The candidate believes her years of legislative experience, including those as assistant majority leader, will put her on “a leadership track” to get results fast. She also points to her “progressive” voting record on issues such as human rights to answer those who might wonder if she fits the left-leaning district as well as DFL-endorsee Ellison.
Reichgott Junge maintains that a primary is uniquely necessary in this race “because seven weeks was not enough to vet the candidates.” (Incumbent Congressman Martin Sabo announced his retirement unusually late-after the March precinct caucuses, where the candidate selection process normally begins.) “A lot of Democrats have told me the endorsement in this race isn’t very meaningful.”
“There are some who will be with me in the voting booth,” she added, “but they can’t support me publicly-and that’s fine.”
Women differ on the best choice
Although she doesn’t live in the Fifth District, State Rep. Mindy Greiling is among those supporting DFL-endorsed Ellison, calling him “a great feminist.” While she acknowledged some guilt over not backing the woman candidate, Greiling said it’s eased by knowing “we either get the first woman or the first person of color [from the district], and we also need the voices of people of color in Congress.”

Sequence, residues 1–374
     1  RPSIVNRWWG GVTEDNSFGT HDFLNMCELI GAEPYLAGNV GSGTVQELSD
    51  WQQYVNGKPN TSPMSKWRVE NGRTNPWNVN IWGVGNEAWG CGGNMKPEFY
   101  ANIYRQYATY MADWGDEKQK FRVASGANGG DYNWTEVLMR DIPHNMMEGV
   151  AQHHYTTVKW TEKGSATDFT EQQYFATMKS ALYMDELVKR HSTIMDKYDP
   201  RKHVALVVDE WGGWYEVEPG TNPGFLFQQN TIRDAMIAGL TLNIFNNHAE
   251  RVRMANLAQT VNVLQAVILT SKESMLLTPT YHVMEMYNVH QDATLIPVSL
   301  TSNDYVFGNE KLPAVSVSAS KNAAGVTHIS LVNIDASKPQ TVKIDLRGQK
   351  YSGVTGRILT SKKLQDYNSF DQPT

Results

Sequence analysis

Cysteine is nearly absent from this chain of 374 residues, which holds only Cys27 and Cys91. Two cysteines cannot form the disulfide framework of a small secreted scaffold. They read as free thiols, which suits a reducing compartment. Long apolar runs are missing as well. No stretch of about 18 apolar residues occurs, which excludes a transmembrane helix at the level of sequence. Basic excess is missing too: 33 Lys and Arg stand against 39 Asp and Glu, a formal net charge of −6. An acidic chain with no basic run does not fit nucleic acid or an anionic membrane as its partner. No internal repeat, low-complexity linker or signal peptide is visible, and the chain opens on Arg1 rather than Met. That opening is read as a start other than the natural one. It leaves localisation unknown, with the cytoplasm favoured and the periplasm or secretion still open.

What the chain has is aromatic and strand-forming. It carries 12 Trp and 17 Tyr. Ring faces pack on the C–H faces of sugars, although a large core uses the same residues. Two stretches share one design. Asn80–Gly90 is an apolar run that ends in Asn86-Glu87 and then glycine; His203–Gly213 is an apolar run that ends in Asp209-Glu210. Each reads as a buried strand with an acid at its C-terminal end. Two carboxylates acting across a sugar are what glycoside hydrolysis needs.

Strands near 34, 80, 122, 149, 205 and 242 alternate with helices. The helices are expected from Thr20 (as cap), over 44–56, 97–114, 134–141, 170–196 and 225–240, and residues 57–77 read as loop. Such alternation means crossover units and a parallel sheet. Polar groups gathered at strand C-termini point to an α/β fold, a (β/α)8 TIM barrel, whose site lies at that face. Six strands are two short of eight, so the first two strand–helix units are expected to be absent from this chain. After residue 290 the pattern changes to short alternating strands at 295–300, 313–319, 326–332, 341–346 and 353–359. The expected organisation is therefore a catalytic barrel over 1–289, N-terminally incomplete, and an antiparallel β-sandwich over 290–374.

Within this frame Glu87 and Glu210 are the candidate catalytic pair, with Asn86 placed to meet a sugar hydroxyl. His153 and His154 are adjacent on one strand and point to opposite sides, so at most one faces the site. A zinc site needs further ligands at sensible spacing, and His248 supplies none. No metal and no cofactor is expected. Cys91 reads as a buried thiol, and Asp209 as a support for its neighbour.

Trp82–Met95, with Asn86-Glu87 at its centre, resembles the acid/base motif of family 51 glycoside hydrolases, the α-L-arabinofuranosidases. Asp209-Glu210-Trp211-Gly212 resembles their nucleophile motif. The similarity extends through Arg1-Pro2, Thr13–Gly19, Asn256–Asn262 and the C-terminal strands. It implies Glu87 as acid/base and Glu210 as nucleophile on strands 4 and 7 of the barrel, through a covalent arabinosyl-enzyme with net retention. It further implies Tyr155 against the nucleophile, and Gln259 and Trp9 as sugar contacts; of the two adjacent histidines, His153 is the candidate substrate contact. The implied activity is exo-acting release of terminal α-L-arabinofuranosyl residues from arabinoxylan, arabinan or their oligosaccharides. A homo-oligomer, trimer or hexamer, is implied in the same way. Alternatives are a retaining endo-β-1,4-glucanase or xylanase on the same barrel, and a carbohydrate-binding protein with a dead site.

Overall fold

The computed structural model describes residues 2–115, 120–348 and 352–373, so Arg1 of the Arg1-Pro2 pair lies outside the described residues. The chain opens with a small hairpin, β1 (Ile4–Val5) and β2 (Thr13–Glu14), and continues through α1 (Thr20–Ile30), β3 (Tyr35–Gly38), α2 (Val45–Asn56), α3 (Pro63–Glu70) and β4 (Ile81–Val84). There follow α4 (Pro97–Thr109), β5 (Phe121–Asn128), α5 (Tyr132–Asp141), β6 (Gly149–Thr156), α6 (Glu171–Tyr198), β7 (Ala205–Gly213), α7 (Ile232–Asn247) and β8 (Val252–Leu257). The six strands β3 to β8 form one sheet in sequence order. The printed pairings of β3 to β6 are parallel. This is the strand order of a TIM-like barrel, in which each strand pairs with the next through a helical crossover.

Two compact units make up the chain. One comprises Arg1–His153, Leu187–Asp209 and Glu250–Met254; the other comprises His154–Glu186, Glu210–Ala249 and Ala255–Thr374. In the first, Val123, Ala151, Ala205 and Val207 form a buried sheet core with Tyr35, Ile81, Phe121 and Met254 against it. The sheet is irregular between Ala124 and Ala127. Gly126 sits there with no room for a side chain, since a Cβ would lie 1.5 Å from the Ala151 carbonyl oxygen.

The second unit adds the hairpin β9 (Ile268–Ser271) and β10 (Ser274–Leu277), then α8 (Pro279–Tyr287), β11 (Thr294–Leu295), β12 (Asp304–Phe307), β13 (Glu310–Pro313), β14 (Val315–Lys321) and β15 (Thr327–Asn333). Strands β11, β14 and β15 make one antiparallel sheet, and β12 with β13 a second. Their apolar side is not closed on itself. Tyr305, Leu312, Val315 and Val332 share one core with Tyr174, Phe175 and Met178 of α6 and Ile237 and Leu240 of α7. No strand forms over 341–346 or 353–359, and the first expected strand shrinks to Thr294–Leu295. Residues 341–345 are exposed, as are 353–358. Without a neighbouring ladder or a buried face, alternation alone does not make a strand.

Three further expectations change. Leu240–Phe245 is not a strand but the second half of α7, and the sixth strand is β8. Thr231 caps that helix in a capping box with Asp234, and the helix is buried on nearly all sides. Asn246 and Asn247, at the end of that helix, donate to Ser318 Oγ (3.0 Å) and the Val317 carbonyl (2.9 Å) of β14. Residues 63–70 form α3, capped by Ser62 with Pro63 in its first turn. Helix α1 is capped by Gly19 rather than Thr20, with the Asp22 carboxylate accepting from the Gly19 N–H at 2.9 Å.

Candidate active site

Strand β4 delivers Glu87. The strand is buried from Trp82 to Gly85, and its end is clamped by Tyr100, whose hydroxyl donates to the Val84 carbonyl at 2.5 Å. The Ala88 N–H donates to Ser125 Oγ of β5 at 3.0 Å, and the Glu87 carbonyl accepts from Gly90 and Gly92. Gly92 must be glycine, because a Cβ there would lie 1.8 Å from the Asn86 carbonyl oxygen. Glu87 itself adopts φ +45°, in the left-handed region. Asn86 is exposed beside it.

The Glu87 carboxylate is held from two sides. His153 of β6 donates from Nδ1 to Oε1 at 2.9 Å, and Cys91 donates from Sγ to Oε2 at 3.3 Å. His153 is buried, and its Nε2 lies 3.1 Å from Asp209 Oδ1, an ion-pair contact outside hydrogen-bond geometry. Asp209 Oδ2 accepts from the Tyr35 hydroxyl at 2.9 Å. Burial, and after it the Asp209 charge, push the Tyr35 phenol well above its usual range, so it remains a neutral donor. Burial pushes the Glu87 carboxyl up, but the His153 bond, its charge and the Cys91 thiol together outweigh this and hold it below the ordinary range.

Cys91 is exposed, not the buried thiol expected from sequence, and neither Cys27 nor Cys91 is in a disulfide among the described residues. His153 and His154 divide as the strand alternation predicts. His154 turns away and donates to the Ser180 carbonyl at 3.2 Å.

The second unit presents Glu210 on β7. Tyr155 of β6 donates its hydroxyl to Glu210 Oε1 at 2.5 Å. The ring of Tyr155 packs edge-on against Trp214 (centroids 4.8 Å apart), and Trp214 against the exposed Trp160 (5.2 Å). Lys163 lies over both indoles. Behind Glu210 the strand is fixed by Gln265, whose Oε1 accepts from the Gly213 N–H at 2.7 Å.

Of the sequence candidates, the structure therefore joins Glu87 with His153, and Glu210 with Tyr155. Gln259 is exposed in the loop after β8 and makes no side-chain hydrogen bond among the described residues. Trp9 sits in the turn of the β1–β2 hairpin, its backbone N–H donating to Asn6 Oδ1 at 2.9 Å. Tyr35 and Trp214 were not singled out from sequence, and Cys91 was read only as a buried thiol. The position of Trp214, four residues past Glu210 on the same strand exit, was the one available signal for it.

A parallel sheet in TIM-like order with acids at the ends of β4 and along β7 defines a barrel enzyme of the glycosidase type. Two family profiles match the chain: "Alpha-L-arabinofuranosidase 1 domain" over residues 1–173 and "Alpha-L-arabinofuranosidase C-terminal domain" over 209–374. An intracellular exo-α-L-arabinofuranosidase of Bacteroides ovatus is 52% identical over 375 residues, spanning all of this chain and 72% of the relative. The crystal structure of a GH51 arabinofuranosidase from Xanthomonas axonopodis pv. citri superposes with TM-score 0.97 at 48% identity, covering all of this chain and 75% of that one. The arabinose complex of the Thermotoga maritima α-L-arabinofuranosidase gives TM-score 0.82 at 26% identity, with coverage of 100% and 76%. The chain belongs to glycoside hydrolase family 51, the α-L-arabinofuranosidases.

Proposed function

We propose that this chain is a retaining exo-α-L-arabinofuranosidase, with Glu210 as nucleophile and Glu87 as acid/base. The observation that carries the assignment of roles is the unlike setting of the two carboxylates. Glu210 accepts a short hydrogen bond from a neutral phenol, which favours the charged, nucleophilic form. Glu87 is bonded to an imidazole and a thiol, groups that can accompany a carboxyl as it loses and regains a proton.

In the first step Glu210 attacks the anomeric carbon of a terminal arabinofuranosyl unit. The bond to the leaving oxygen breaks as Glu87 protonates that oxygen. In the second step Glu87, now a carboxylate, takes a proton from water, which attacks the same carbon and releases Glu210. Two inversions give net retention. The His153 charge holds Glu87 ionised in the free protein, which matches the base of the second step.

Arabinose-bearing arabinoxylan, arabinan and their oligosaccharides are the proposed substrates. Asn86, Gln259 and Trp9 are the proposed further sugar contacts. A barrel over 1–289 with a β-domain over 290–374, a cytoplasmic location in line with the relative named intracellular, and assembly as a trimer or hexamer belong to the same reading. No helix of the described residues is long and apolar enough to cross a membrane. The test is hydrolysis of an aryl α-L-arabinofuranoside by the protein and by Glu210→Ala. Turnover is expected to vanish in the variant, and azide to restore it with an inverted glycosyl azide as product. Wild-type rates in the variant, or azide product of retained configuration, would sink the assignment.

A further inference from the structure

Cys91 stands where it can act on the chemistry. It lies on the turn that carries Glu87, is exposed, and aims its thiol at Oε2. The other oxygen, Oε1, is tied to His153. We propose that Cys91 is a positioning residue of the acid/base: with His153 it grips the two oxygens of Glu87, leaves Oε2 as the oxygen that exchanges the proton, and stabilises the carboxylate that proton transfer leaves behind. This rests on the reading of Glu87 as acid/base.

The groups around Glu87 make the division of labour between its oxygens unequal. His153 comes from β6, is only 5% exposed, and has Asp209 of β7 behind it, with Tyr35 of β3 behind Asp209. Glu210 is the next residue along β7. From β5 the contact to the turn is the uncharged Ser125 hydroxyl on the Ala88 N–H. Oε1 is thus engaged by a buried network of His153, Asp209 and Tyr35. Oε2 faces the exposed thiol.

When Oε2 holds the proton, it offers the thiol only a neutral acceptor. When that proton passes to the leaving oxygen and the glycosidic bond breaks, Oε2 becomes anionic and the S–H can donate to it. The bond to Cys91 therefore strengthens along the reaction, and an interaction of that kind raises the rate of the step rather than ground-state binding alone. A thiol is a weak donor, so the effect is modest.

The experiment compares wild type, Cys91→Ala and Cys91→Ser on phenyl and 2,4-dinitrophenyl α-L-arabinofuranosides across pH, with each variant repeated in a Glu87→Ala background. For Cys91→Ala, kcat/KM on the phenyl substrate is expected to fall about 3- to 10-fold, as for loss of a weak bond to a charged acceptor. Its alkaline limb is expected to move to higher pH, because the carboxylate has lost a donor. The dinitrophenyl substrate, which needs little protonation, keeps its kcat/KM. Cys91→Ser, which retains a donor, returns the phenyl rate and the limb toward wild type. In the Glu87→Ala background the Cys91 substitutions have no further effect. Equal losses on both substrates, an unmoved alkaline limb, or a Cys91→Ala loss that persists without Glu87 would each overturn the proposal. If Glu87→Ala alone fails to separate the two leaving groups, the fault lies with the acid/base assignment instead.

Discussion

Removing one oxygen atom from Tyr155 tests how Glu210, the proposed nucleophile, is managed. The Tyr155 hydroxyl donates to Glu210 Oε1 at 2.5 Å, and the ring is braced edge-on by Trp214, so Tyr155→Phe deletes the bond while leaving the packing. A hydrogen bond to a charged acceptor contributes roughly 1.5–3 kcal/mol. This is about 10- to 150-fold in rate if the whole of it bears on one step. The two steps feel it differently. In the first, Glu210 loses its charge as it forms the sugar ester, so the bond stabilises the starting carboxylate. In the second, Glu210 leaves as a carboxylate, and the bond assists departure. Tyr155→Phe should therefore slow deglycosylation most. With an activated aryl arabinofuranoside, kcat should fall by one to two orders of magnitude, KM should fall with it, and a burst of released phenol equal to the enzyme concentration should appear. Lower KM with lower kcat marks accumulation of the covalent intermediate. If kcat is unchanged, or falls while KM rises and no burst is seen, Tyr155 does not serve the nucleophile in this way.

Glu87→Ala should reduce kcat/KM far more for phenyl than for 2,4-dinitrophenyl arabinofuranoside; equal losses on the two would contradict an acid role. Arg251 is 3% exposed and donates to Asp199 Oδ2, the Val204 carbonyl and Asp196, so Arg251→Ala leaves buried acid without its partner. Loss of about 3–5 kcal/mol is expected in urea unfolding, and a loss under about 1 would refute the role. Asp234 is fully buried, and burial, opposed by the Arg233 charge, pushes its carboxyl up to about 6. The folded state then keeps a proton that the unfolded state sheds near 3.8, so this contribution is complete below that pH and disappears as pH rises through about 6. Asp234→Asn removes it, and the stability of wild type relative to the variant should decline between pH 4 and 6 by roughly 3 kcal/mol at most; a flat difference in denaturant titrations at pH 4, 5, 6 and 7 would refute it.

After a pause, she reflected, “The ideal would be a woman of color-then we wouldn’t have to choose.”
For Barbara Johnston, however, the choice was easy. The retired sociology professor may be Reichgott Junge’s most ardent supporter-and among her earliest. “I’ve known Ember since she was an 18-year-old student of mine at St. Olaf,” Johnston said. She lauds Reichgott Junge’s legislative accomplishments on domestic abuse and child protection. Though she has a personal relationship with Reichgott Junge, Johnston also feels her former student is the most qualified candidate. “Reichgott Junge could write a bill her first day on the job. Keith Ellison is a nice guy, but he’s in his second term in the [state] House. Let him serve a few terms and then go on to something bigger.”
From insider to outsider:
DFL primary for governor
It was classic Becky Lourey-making connections wherever she goes.
“I just met a woman in the hall,” she said, entering the room for an interview, “who told me her dyed-in-the-wool Republican husband heard my Humphrey Institute talk on the radio and said, ‘I’m voting for her.'”